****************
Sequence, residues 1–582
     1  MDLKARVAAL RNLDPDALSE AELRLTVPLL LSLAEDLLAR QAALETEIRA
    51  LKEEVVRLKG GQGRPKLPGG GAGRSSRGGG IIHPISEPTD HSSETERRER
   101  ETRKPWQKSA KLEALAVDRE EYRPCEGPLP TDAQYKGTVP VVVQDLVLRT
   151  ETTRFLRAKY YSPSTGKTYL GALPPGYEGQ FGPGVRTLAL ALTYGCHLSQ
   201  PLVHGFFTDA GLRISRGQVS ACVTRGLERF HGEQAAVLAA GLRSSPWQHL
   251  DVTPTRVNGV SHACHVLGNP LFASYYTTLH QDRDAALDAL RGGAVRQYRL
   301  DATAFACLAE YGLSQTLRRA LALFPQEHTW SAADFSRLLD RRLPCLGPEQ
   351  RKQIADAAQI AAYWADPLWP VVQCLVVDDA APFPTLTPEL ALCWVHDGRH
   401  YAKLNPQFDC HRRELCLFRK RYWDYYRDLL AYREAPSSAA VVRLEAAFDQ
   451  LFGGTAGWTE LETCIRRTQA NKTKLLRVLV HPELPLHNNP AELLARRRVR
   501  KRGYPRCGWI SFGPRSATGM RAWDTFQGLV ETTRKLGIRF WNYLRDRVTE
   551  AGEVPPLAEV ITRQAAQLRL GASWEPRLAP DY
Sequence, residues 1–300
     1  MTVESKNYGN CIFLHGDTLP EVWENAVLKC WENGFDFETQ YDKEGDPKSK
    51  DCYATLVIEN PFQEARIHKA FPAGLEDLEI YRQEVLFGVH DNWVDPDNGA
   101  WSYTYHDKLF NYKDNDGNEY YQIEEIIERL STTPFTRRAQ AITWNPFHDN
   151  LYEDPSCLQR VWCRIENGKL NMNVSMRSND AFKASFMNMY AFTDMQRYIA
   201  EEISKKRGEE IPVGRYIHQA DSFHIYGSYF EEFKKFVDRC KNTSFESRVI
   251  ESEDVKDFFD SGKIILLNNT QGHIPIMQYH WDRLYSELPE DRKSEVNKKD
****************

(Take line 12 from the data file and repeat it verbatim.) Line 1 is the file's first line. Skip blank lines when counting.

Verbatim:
   501  KRGYPRCGWI SFGPRSATGM RAWDTFQGLV ETTRKLGIRF WNYLRDRVTE